ALBANY – Gov. Andrew M. Cuomo and legislative leaders are including in the soon-to-be-passed state budget a new system to help finance political campaigns.
They call it the “Family Tax Relief” act.
Lawmakers and the governor last week agreed to give $350 in tax relief to hundreds of thousands of households across the state. Even though they call it a tax credit, the money won’t be taken off taxpayers’ annual tax returns in the spring.
Instead, the governor and legislators will send checks of $350 apiece to residents’ mailboxes, and many expect the checks will go out shortly before November 2014. That’s when the governor and the legislators are up for re-election.
While they say the plan is about helping middle-class families with children, the governor and lawmakers hope the checks will put a smile on the face of voters that will continue beaming when they go into the voting booth.
Critics, including those who have no problem with giving tax breaks to middle-income families, say the tax rebate checks are a political gimmick that uses $350 million of taxpayer money to lure voters into supporting incumbents.
It is a point upon which left-leaning and right-leaning groups agree, and that makes for an odd day in Albany.
“Lawmakers certainly never hesitate to spend taxpayer money on their campaigns when it benefits their own re-election efforts,” said Bill Mahoney of the New York Public Interest Research Group, which has no position on the actual tax break but does have a problem with the likely timing of the program.
“In many ways, it’s a public finance program only for incumbents, and this only hurts the electoral process,” Mahoney added.
“It’s like a Publisher’s Clearinghouse check in the mail,” added E.J. McMahon, director of the Empire Center for New York State Policy, a conservative think tank. “It seems pretty obviously politically motivated. It’s meant to say, ‘I’m your friend’ to the middle class.”
The tax break will work like this: Every person or couple with at least one child up to the age of 18 and making between $40,000 to $300,000 will get the $350 check. (Albany reality check: Some lawmakers said the tax break is for families with children from 4 years to 18 years old, while Cuomo and Senate Republicans said it applies from birth to 18.)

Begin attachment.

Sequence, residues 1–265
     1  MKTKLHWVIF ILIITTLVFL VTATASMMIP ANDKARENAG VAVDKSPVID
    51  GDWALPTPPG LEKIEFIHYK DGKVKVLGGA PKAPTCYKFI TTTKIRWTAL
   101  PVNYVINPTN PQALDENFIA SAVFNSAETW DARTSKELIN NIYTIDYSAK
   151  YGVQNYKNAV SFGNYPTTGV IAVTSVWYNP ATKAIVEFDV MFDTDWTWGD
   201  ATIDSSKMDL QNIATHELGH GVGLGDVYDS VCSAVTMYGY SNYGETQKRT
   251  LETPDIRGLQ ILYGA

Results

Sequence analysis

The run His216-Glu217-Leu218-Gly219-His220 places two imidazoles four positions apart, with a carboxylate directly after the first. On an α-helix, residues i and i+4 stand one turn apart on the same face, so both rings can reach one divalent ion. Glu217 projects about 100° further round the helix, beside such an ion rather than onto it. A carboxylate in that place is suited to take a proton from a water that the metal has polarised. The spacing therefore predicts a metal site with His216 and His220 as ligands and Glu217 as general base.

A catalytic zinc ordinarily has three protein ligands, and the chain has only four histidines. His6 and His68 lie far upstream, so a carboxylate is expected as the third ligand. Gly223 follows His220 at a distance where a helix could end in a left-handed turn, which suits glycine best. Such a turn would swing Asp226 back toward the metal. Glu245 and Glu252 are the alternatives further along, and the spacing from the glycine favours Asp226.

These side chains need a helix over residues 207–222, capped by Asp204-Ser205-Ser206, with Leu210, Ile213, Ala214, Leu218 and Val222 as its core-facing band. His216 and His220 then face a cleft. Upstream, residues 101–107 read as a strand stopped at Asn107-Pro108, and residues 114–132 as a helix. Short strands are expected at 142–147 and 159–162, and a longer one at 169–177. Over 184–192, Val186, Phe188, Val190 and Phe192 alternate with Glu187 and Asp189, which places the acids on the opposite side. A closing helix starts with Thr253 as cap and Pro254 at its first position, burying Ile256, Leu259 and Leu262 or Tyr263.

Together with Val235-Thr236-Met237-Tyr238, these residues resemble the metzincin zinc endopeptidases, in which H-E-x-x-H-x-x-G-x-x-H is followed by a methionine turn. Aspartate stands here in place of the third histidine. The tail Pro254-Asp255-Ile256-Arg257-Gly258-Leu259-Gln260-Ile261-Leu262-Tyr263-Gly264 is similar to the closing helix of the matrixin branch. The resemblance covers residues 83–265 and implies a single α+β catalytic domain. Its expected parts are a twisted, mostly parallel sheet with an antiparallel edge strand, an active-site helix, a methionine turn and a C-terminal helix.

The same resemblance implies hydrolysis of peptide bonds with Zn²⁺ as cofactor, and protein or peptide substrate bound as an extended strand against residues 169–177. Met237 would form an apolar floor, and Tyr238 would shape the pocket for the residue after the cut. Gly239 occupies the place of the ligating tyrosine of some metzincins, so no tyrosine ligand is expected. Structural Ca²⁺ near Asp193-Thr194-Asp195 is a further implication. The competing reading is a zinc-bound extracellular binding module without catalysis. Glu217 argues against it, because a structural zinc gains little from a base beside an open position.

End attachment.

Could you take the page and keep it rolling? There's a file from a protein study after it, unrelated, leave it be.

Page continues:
While the measure is part of the 2013 budget talks for the fiscal year beginning April 1, the family tax break program won’t actually be counted on the ledgers until the 2014 fiscal year.
Cuomo’s office said 1.1 million New York families will get the check, including 66,000 in Erie County and 15,000 in Niagara County.
No one has said for sure when the checks will go out. But when Assembly Speaker Sheldon Silver was asked if mid-October was likely, he replied: “They might.”
“The comptroller’s up for re-election,” Silver joked.
And Comptroller Thomas DiNapoli’s signature is very likely to be on the checks.
This isn’t a new campaign strategy.
In 2006, lawmakers and then-Gov. George E. Pataki approved the STAR property tax rebate program, which distributed checks to 3.4 million taxpayers and cost the state $700 million.
The checks that year, and for the few years the program lasted, arrived at voters’ homes just before November election day. And coinciding with the checks were taxpayer-funded newsletters from lawmakers, informing constituents that the checks were on the way.
While the budget has not yet passed this year, Cuomo and legislative leaders all touted the family tax checks last week after announcing a “tentative” deal on the 2013 budget.
Senate co-leader Jeff Klein, a Bronx Democrat, described it as part of a “family-friendly” budget.
The other Senate leader, Dean Skelos, a Nassau Republican, called it a “recognition of [the] struggle” facing middle-class families in New York.
Speaker Silver, a Manhattan Democrat, said it provides “needed relief to middle-class families.”
And Cuomo said the measure is a recognition that “taxpayers have been overtaxed for too long.”
Meanwhile, Citizen Action of New York, a left-leaning group that has been pushing for a publicly financed campaign finance system in the state, had a different description.
“The rebate check is a $350 million election-year gimmick,” said Karen Scharff, executive director of the group, “aimed at giving incumbents another advantage in their re-election campaigns.”
Others have criticized it because it gives no tax break to parents with children in college, or most senior citizens, or single people or couples with no children.
McMahon, the conservative think tank director, questioned why the Senate Republicans would push such a program, especially since the GOP has only been losing senators since the STAR program was enacted in 2006.
“So, if this is a new form of campaign finance, it’s not working out well for them,” he said.
Mostly, though, McMahon said he questions the lack of any coherent and significant tax-cut program that would turn around New York’s high-tax image.
For instance, the STAR property tax program that gives large tax breaks to seniors who live in homes that many have already long paid off needs to be examined, he said.
And Cuomo and lawmakers should reduce state spending to give larger tax breaks to more residents and help localities reduce state-imposed spending mandates so they can lower property taxes, he added.
“I don’t think there is any kind of real tax policy here,” he said of the $350 check program. “It certainly has nothing to do with boosting the economy. It’s hard to see any motivation other than political,” he said.